Brownfield strategy

Keeping the same structure, improve performance

In contrast, a brownfield implementation of SAP S/4HANA always begins with the existing system – it’s just that some important elements are changed.

Think of a car, it’s a little far-fetched, but imagine needing a full engine replacement. You still have the same car with the same history and the same mileage, the same look and feel. Nothing changes for the driver other than performance improvements. Of course, you can take it a step further and add a completely new dash that displays more information in a better, more intuitive way.

This analogy corresponds to a brownfield migration of SAP S/4HANA that includes SAP’s innovative new interface, SAP Fiori. Users can use the same GUI interfaces they’ve relied on for years or choose to embrace Fiori, which introduces a lot of benefits and added value such as enhanced user experience.

The pros

A brownfield migration is less costly, since the things that work well for your company do not have to be rebuilt from scratch. Some customers might choose small technical refinements of existing functionality and apps, but the migration is a lot lighter. You also get to take your master data with you without having to extract and load it into an entirely new system – it all happens automatically during the migration.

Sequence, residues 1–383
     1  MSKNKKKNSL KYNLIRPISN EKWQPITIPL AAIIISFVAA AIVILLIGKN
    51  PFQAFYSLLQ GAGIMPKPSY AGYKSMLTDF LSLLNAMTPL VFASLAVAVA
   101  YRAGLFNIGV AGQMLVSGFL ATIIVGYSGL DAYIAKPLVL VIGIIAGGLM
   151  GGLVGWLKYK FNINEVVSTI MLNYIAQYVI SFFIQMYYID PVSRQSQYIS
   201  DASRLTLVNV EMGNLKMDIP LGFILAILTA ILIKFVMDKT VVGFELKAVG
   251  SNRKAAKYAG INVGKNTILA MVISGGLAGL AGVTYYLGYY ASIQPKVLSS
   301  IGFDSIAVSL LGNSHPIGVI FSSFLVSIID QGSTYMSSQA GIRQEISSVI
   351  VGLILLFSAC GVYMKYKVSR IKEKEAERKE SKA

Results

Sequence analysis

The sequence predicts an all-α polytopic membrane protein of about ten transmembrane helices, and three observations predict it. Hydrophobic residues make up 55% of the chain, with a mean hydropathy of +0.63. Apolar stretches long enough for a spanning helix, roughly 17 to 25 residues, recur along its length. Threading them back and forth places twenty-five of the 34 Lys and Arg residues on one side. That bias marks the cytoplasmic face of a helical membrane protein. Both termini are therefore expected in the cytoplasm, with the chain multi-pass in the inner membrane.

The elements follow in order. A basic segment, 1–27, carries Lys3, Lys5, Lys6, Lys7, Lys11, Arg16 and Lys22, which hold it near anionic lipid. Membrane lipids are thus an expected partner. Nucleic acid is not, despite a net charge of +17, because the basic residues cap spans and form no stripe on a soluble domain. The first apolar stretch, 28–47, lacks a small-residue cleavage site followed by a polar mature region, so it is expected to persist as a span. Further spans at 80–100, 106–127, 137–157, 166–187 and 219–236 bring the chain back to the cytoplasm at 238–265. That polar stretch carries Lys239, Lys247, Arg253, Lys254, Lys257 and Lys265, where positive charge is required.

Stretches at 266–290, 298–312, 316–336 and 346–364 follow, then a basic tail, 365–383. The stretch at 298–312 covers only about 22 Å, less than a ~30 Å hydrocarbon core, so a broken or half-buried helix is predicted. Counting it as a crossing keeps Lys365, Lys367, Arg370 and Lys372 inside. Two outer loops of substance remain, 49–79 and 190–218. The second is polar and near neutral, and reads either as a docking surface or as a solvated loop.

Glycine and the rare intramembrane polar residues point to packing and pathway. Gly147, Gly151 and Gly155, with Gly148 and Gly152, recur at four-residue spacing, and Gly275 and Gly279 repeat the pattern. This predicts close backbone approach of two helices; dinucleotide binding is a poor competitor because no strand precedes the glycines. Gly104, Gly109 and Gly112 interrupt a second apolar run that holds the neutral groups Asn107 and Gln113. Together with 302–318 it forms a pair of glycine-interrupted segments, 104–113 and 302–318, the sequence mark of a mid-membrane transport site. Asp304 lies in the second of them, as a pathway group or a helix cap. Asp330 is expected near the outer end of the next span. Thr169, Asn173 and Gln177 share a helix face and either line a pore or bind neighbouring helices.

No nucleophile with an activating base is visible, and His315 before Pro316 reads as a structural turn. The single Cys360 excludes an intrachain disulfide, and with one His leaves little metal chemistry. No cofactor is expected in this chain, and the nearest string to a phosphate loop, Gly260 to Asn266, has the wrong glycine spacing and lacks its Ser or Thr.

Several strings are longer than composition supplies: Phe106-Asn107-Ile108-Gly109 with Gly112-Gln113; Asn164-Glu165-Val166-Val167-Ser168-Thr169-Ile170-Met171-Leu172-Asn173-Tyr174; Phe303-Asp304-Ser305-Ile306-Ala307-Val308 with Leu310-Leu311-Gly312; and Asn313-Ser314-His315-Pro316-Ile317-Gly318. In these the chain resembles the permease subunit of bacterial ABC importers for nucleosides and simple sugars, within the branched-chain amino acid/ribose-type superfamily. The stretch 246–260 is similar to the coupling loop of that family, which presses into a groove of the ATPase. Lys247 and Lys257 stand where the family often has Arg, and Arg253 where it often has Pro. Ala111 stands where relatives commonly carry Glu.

The cons

The main issue with a brownfield migration is that it has to be done all at once, known colloquially as a “big bang”. If your company has a limited tolerance for downtime, a brownfield can be difficult. And while the migrated system includes the full scope of SAP S/4HANA advantages, you can’t drastically overhaul the way you have set up your system. 

The modern way of implementing keeps the core ‘clean’ – developments are executed on a specific platform and not in the core. It’s important to note that applying this approach to a migration requires quite a bit of rework, but it could be done in a second phase.

Hybrid strategy

Making much-needed changes but keeping your data

A hybrid approach combines elements of greenfield and brownfield SAP S/4HANA implementations for specific reasons.

A perfect copy of a customer’s existing system will be made while removing their data from it, keeping the configurations and custom development efforts, and migrate it to SAP S/4HANA. The migration itself is easier, since it allows you to make changes to your configurations. But you always have to load the data again – that’s the big disadvantage.